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Recently Ancestry.com put up a new set of records called “Historic Pennsylvania Church and Town Records.” The collection contains a wide variety of miscellaneous records from the Historical Society of Pennsylvania.  I actually found a few items of interest in the collection.  One subset of records comes from the Wackerman Funeral Home, a funeral home which still exists today but is no longer in its former location.  In these records, I found information on the funeral arrangements for my great-grandmother, Marie Bergmeister, who died in 1919 at the age of 43.  Marie (or more usually, Maria) left behind a husband, Joseph, and five children – including my grandmother Margaret, the youngest, who was not quite six years old.

The funeral home record for the costs of Marie Bergmeister's funeral, 1919.

I knew that my grandmother’s family was poor, but it was interesting to compare the bill for my great-grandmother’s burial to some of the others who died at the same time.

Casket

  • $55 – Gray crape
  • $65 – Chesnut
  • $90 – Square chesnut with ext handles
  • $125 – Solid maple
  • $200 – Solid mahoghany

Case

  • $14 – Pine
  • $35 – Chesnut

Hearse

  • $10.50 to $13.00

Service

  • $5 – Low Mass
  • $25 – Solemn Requiem

A more costly funeral found in the same records.

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In my quest to prepare for the 1940 Census by documenting all of my relatives and their potential 1940 addresses, I realized there was a relative or two I never found in earlier censuses.  One such relative was my great-grandfather’s half brother, Herman Goetz. Herman and his brother, Julius Goetz, left a rather good paper trail except I was never able to locate Herman – with certainty – in either the 1920 or 1930 Census.  The name “Herman Goetz” was not exactly “John Smith” but it was a common name among German immigrants, and I never really tried to determine if any of the Herman’s I found was “my” Uncle Herman.  Did he move out of state?  Did he return to Germany?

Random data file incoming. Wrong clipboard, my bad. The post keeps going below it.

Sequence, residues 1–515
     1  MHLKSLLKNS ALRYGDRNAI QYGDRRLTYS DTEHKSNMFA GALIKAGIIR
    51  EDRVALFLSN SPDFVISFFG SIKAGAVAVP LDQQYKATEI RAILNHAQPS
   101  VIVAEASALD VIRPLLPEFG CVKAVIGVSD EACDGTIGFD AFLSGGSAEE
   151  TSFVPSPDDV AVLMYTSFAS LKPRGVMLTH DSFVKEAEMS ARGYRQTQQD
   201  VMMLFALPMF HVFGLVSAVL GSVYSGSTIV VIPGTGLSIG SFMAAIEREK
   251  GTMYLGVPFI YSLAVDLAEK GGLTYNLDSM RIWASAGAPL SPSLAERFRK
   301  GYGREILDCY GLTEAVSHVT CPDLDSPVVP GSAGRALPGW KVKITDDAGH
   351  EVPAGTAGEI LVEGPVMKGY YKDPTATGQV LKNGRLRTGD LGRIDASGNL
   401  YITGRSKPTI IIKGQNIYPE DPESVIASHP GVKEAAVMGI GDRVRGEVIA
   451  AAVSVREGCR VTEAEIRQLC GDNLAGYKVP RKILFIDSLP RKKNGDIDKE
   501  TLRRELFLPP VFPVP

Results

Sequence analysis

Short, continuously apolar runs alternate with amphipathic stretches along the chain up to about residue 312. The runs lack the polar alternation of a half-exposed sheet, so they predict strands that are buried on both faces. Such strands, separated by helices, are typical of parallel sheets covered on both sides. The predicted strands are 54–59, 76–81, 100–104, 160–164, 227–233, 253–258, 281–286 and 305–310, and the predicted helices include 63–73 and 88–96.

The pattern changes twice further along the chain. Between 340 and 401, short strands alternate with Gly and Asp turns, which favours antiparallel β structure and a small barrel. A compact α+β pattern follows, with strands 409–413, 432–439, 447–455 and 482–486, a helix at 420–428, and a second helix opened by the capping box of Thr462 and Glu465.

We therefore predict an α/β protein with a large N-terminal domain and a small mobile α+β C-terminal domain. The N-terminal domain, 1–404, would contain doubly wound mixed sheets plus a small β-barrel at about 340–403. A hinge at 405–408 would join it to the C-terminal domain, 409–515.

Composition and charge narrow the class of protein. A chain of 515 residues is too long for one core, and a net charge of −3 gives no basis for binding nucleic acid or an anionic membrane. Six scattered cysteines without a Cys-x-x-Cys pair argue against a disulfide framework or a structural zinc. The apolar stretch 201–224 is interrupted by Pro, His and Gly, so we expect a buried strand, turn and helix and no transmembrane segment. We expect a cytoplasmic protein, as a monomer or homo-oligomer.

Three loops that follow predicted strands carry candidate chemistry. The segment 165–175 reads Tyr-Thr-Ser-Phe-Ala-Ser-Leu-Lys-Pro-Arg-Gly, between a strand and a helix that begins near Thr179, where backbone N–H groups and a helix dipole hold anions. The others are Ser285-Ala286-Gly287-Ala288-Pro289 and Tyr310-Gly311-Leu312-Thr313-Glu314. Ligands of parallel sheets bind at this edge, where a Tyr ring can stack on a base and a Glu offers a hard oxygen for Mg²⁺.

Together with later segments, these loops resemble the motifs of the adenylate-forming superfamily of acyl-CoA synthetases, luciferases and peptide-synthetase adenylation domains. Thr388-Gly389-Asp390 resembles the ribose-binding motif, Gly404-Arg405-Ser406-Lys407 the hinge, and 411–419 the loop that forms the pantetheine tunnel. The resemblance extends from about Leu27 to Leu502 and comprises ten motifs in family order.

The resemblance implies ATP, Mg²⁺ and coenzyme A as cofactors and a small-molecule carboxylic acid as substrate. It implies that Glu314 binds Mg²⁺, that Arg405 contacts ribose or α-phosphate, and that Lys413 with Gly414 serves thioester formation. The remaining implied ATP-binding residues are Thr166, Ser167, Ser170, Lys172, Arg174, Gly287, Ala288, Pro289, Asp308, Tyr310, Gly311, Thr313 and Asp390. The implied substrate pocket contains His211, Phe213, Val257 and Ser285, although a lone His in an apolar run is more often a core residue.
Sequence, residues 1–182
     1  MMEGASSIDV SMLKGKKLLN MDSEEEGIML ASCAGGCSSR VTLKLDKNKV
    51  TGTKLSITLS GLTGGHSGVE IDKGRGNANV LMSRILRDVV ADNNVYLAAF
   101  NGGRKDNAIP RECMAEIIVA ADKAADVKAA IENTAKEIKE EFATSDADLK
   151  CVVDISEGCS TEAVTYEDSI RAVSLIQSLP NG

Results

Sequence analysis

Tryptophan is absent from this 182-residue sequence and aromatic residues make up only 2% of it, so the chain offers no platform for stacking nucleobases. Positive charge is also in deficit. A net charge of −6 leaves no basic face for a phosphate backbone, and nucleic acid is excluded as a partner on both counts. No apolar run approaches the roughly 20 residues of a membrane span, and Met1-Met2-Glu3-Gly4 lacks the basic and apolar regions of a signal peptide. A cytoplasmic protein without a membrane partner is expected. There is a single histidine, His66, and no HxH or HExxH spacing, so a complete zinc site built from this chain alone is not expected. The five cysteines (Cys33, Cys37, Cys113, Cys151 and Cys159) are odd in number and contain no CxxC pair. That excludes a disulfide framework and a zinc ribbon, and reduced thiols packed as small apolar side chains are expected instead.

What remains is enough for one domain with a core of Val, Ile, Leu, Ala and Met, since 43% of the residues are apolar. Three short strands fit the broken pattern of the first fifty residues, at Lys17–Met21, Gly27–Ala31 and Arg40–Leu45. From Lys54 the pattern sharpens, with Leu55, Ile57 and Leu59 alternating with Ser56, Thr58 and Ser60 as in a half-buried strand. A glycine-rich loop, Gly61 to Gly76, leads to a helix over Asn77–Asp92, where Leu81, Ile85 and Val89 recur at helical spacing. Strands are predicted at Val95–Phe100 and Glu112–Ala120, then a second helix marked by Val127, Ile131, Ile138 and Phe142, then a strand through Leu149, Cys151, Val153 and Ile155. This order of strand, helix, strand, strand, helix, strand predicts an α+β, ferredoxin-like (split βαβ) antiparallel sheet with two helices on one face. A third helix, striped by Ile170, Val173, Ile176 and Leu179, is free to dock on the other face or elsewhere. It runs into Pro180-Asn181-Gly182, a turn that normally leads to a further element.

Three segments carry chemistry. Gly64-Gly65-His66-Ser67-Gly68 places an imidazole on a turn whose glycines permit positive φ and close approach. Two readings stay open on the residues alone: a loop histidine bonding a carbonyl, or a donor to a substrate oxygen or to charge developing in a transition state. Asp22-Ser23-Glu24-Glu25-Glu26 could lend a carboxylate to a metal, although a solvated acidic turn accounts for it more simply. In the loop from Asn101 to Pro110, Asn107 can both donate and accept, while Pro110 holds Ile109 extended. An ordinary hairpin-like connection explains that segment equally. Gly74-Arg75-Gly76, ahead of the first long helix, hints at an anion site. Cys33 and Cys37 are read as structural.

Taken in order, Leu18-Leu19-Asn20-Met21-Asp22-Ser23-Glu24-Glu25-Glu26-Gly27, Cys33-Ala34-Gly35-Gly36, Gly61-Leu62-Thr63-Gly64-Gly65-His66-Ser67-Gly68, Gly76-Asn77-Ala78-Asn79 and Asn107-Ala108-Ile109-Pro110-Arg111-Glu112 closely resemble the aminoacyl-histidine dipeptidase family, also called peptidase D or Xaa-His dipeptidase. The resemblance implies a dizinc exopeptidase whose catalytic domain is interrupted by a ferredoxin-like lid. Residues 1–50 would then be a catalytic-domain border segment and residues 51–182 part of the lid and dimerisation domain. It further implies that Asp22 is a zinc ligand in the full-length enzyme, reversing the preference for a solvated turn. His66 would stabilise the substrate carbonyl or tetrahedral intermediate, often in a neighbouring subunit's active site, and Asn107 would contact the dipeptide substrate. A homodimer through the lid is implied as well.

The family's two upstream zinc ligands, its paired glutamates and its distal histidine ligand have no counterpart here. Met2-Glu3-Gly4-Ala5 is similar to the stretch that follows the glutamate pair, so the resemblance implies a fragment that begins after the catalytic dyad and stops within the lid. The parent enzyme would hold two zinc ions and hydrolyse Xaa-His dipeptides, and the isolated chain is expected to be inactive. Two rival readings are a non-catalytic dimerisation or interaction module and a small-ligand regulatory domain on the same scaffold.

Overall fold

In genealogy, as in life, sometimes the simplest answer is the correct one.  I couldn’t find Herman in the 1920 Census because he died.  It’s almost comical that I never considered that possibility until I discovered it, quite by accident, in one of Ancestry’s newer databases: Pennsylvania, Church and Town Records, 1708-1985.

There does not appear to be a complete list of what records are included in this collection, but in my searching of various surnames I’ve found some hits in funeral home records and some Catholic cemetery records.  I found Herman in the Record Books for the John Kimmerle Funeral Homes.  He died on 11 October 1918 from pneumonia and was buried at Mt. Moriah Cemetery on 18 October.  His sister, Hilaury “Laura” Bergmeister Thuman, paid for the burial.

His death in 1918 finally answers the question of why my father never heard of him – my grandmother barely knew him since she was only 5 years old when he died.

When I first began my genealogical research, I asked my dad about relatives and he said to look for his mother’s “Uncle Julius Goetz”.  Neither of her parents was named Goetz, so I wasn’t clear how he was an uncle until I found her parents’ marriage record. Joseph Bergmeister and Maria Echerer were married in November 1897 in Pfaffenhofen an der Ilm, Oberbayern, Bayern (Bavaria), Germany. The record indicates that the bachelor Joseph was the son of the “deceased flour merchant Joseph Bergmeister of Munich and Ursula Dallmeier (who later married a Goetz), residing in Regensburg.”

Portion of the 1897 marriage record that details the status of Joseph Bergmeister's parents.

My great-grandfather’s mother re-married a man named Goetz, so any children from her second marriage are half siblings to my Bergmeister’s.  While I have a record in Julius’ hand that lists Ursula as his mother, I only have circumstantial evidence that Herman is also her son. (The circumstantial evidence is his “connection” to both Julius and the Bergmeister family – I can now send for his death certificate to verify his parents’ names.) Even if he was a step-brother to both Julius and the Bergmeister children, he was certainly involved in their lives based on the documents I have found. Here is Herman’s “paper trail” in the United States:

22 Apr 1911 – Herman sets sail from Antwerp aboard the S.S. Finland.  He is listed as Herman Götz, a 26-year-old locksmith from Regensburg whose father, also named Herman Götz, lives in Regensburg. He is traveling to his brother, Julius Götz, who is living at 500 Lehigh Avenue in Philadelphia, PA. On 03 May 1911, Herman’s ship arrives in New York City.